On getting along and getting ahead: How personality contributes to social network dynamics Defended on Thursday, 26 September 2019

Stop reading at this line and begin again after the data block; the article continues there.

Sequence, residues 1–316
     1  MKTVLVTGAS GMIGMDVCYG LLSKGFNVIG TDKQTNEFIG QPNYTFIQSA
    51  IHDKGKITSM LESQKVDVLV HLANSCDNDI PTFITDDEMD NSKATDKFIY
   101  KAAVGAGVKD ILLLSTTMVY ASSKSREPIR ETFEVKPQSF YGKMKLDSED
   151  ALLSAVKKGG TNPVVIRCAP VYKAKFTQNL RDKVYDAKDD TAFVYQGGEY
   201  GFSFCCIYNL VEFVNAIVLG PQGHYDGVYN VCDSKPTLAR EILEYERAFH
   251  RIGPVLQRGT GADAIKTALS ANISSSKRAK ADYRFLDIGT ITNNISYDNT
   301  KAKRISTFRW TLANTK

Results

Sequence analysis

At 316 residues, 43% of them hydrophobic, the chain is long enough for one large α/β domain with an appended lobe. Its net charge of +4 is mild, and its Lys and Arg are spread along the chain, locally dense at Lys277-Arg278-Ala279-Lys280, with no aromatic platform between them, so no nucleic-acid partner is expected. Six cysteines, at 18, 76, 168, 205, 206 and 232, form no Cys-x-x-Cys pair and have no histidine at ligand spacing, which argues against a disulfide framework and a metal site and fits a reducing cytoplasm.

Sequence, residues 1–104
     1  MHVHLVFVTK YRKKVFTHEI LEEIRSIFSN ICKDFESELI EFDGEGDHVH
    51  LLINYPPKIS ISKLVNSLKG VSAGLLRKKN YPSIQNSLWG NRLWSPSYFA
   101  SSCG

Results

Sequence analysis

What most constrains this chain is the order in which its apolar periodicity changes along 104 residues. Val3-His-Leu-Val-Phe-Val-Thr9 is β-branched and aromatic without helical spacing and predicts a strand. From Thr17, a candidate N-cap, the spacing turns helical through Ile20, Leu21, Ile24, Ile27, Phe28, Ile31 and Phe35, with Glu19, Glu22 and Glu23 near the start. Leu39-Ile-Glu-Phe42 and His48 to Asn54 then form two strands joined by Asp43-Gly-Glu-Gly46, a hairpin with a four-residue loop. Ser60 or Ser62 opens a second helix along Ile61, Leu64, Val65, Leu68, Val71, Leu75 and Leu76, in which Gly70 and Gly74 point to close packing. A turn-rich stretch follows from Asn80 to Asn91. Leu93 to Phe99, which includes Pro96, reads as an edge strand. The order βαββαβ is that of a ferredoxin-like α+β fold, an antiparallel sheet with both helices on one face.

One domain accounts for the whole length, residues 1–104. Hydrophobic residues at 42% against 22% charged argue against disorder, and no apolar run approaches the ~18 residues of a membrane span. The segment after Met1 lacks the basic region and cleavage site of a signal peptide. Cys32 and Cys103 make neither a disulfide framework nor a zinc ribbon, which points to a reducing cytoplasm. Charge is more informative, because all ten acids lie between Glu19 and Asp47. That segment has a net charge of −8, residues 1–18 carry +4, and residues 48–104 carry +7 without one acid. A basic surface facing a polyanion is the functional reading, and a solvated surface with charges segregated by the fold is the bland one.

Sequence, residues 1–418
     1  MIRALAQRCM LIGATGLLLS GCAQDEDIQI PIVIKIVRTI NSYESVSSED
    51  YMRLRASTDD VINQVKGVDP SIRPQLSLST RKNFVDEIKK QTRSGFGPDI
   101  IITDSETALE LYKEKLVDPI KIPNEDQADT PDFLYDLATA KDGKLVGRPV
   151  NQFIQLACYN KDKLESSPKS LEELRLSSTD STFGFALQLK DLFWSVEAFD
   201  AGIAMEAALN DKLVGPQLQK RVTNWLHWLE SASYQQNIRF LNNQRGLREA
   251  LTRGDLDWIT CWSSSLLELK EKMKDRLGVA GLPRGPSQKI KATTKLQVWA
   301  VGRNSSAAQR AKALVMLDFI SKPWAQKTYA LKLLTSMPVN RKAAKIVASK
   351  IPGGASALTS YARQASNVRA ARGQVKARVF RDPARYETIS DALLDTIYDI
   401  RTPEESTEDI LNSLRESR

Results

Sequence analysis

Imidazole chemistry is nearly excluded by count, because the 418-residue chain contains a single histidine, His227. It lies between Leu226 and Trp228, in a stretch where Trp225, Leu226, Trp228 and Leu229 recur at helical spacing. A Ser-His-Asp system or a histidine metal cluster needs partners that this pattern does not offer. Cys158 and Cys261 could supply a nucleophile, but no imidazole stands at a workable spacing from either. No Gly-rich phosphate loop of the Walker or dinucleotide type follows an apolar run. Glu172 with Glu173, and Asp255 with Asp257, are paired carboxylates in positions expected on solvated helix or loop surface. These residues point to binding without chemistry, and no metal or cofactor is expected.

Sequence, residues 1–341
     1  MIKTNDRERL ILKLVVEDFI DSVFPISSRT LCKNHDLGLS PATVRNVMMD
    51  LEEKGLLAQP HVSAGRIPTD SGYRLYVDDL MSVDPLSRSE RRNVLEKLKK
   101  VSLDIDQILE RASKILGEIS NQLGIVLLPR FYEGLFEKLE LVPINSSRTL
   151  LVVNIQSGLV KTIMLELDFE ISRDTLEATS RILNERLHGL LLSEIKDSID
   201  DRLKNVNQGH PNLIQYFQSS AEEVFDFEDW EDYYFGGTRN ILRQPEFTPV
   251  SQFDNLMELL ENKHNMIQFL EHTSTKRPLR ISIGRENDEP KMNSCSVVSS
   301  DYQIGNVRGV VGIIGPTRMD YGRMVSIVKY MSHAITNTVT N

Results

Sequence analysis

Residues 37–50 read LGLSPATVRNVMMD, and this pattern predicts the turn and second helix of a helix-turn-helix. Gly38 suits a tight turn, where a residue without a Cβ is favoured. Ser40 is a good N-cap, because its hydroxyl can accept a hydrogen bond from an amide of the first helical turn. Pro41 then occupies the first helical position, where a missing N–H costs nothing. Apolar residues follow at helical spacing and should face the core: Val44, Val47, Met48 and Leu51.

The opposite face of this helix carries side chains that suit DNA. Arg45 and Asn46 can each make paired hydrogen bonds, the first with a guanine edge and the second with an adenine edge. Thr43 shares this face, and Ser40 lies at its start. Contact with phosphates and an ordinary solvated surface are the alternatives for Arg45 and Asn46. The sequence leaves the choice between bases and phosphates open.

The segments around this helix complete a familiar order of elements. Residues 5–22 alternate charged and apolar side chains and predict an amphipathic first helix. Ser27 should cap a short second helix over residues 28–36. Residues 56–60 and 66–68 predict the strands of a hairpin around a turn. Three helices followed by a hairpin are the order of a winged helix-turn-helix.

Although we realize the importance of the generation of fundamental and new technological knowledge (technological innovations), we think that an often neglected determinant of innovation is the managerial and organization capacity to recognize this knowledge, assimilate it, and apply it to commercial ends (Cohen and Levinthal, 1990; Van den Bosch et al. 2003).  We define these managerial and organizational innovations as novel managerial capabilities and new organizing principles for using the existing knowledge-base to carry out combinations that are new to the firm and the industry. Managerial and organizational innovations are thus innovations that have a more significant impact on the relationships between the constituting technologies and knowledge components, than on the technologies themselves (Henderson and Clark, 1990). Many strategy scholars applying an evolutionary perspective (Grant, 1996; Kogut and Zander, 1992; Nelson and Winter, 1982) argue that these managerial innovations are limited to deploying and extending existing capabilities rather than constantly recreating new capabilities. However, firms such as Microsoft, Honda, and Benetton were able to continuously recreate new managerial capabilities and novel organizational forms in various competitive rounds resulting from their management's extensive absorptive capacity and learning ability. These managerial capabilities and organizing principles opened up new sources of  innovations and productivity growth resulting in competitive advantage.  There is great unanimity among strategy scholars that the need for these new managerial capabilities and organizing principles in hyper competitive environments is even greater than ever (Pettigrew et al., 2003). Expanding worldwide competition, fragmenting markets, and emerging technologies force established firms to renew themselves continuously by transforming stagnant businesses and creating new sources of wealth through new combinations of resources (Guth and Ginsburg, 1990) and new knowledge integration patterns (de Boer et al 1999). According to Porter (1996), downsizing, restructuring, reengineering, and benchmarking often only improve operational effectiveness, but do not provide strategic advantage. Likewise, Hamel and Prahalad (1994) contended that instead of  `more of the same' or `try harder' approaches ("How to be better"), firms should fundamentally reconsider their core activities ("How to be different"). Not a static strategy, but strategy innovation and industry transformation are much more important (Volberda, 2003).  The position of the Netherlands in the Global Competitiveness Index of the World Economic Forum regarding innovativeness and productivity growth is disappointing. The Dutch degraded from the top-10. This could have serious consequences for the international competitive advantage of firms and organizations in the Netherlands. At present, the primary focus of government and business in the Netherlands is on efficiency and exploitation instead of innovation and strategic renewal. Such a focus will not result in a fundamental improvement of our innovation capacity (March 1991; Van den Bosch and Volberda, 2003; Volberda and Van den Bosch, 2004). This raises important problems. This research project contributes to these problems by investigating as research question “How do managerial and organizational determinants of innovative organizations contribute to sustained competitive advantage of Dutch firms?

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